When we released version 17.5.1 we also introduced a new method of generating lookups.
Some of the old features of lookups was deprecated. All was explained in the release notes of that. Release notes 17.5
Some experienced that a lookup using a currency exchange rate got slow.
The reason for this can be a >= is used to get the exchange rate, or if using subselect and partition by. All these will be slower than a simple group by.
What we suggest instead is to create a view that splits out the currency exchange rate table into days.
Split exchange rates out pr day
There is two types of views you can create. It depends on what fields your exchange rate tables contains.
In both cases you will need a date dimension. Since you most likely will use this in the DSA/Stage db, so start by creating a Date dimension.
The exchange rate table contains both start and stop date
Add a new custom view and add the following script.
CREATE VIEW [DSA].[CurrencyExchangeRate] AS SELECT (1/([EXCHANGERATE]/100)) AS [EXCHANGERATE], D.[DateValue] AS [Date], [FROMCURRENCYCODE], [TOCURRENCYCODE], [EXCHANGERATETYPE] FROM [EXCHANGERATE_V] AS E LEFT JOIN [Date_V] AS D ON E.[VALIDFROM] <= D.[DateValue] AND E.[VALIDTO] >= D.[DateValue]
Remember that using parameters makes it better at coping with changes in names and so forth.
The data source table contains a exchange rate, a validfrom date, a validto date, a fromcurrency and a tocurrency. This is merged with the date table with a from less than and equal to date and a to greater than and equal to.
The next step is to use the view instead of the std exchangereate table. The join should look like this.
The date is now equal instead of larger than / smaller than.
This is how the lookup script looks in the code.
-- Copy data for the conditional lookup field 'EXCHANGERATE' (Algorithm: One lookup, Group by) ; WITH CTE AS ( SELECT MAX(S.[EXCHANGERATE]) AS [~Value] , S.[TOCURRENCYCODE] , S.[FROMCURRENCYCODE] , S.[Date] FROM [DSA].[AX CurrencyExchangeRate] S GROUP BY S.[TOCURRENCYCODE] , S.[FROMCURRENCYCODE] , S.[Date] ) UPDATE R SET R.[EXCHANGERATE] = CTE.[~Value] FROM [DSA].[SALESLINE_R] R INNER JOIN [DSA].[SALESLINE_T] T ON T.[DW_Id] = R.[DW_Id] INNER JOIN CTE ON CTE.[TOCURRENCYCODE] = T.[ACCOUNTINGCURRENCY] AND CTE.[FROMCURRENCYCODE] = T.[CURRENCYCODE] AND CTE.[Date] = T.[CONFIRMEDDLV]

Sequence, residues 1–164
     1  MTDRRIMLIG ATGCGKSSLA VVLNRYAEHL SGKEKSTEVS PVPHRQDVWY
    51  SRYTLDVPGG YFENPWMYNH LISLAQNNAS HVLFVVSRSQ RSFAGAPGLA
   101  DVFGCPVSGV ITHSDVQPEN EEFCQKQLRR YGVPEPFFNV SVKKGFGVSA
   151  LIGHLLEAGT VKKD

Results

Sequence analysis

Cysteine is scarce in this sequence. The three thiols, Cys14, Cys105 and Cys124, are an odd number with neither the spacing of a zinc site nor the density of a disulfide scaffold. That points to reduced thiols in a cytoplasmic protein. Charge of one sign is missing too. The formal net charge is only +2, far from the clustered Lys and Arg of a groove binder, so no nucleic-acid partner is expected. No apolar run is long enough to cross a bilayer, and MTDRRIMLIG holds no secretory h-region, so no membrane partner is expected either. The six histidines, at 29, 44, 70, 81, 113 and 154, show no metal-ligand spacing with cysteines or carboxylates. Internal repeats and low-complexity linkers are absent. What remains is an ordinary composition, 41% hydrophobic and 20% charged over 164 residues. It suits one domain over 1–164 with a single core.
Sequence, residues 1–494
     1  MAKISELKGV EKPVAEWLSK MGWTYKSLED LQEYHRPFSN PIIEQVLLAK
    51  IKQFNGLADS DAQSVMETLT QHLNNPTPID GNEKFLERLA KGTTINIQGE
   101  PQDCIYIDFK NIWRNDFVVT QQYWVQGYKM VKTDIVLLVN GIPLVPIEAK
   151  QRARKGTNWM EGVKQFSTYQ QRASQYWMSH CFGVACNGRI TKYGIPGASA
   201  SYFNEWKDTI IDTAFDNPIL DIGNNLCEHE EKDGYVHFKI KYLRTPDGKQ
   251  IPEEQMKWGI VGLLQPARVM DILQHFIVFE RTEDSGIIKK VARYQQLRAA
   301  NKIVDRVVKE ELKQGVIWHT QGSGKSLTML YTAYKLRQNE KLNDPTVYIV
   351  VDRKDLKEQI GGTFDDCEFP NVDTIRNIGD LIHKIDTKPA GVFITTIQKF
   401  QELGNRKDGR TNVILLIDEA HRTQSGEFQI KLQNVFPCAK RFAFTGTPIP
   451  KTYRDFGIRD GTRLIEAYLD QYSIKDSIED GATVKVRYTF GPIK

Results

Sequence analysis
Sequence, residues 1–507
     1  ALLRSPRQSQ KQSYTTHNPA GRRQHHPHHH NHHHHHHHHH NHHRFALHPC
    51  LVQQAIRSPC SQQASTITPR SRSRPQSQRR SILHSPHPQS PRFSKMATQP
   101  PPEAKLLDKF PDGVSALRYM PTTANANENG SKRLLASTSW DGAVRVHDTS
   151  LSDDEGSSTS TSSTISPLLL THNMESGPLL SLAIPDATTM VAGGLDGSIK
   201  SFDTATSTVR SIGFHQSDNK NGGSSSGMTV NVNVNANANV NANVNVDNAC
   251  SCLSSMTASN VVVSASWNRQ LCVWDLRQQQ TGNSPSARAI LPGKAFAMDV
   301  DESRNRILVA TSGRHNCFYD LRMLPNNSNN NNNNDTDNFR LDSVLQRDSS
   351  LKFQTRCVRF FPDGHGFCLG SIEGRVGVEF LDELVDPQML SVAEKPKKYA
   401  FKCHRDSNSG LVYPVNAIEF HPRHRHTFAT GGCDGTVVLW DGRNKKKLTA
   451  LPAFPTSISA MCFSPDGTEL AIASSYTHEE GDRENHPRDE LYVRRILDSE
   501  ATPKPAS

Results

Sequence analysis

Previously it would have looked like this.
-- Copy data for the conditional lookup field 'EXCHANGERATE' (Algorithm: One lookup, Cross apply) UPDATE R SET R.[EXCHANGERATE] = S1.[~Value] FROM [DSA].[SALESLINE_R] R INNER JOIN [DSA].[SALESLINE_T] T ON T.[DW_Id] = R.[DW_Id] CROSS APPLY ( SELECT MAX(S.[EXCHANGERATE]) AS [~Value] FROM [DSA].[EXCHANGERATE] S WHERE S.[FROMCURRENCYCODE] = T.[CURRENCYCODE] AND S.[TOCURRENCYCODE] = T.[ACCOUNTINGCURRENCY] AND S.[VALIDFROM] <= T.[CONFIRMEDDLV] AND S.[VALIDTO] >= T.[CONFIRMEDDLV] HAVING COUNT(1) > 0 ) S1
So previously it chose the Cross Apply method. With the date equal date change it chooses Group By and this performs better.
The exchange rate only contains a start or stop date
The difference when you only have a To Date, or a Start Date, is that we need to get the date that the next row in the table has. We use the LAG if it is Start and LEAD if it is End. It also should be mentioned that those features are a SQL2012 feature, so if your server is older this link will help you.
Below is the script you can use if you have a to date. I use the CTE to create a table that contains a FromDate and a ToDate. The rest is similar to before.
CREATE VIEW [DSA].[CurrencyExchangeRates] AS WITH CTE AS (SELECT [CurrencyCode], [ExchangeRate], LAG([ToDate]) OVER (ORDER BY [CurrencyCode]) AS [FromDate], [ToDate] FROM [ExchangeRates_V]) SELECT [CurrencyCode], [ExchangeRate], [DateValue] AS [Date] FROM CTE LEFT JOIN [Date_V] AS D ON [FromDate] <= D.[DateValue] AND [ToDate] > D.[DateValue]
And here is how the script looks if you only have a Start date. It is pretty much the same, except i use LEAD instead of LAG
CREATE VIEW [DSA].[Currencies] AS WITH CTE AS (SELECT DW_Account, [Currency Code], [Exchange Rate Amount], [Starting Date], LEAD(E.[Starting Date]) OVER (ORDER BY E.[Currency Code]) [End Date] FROM [Currency Exchange Rate] E) SELECT DW_Account, [Currency Code], [Exchange Rate Amount], [DateValue] as [Currency Date] FROM CTE LEFT JOIN [Date] AS D ON [Starting Date] <= D.[DateValue] AND [End Date] > D.[DateValue]
Also if you want to be 100% sure there is no null values, you might need to set up some conditions, so you will get a ultimate start and stop date if no one is specified.
The rest is the same as previously explained.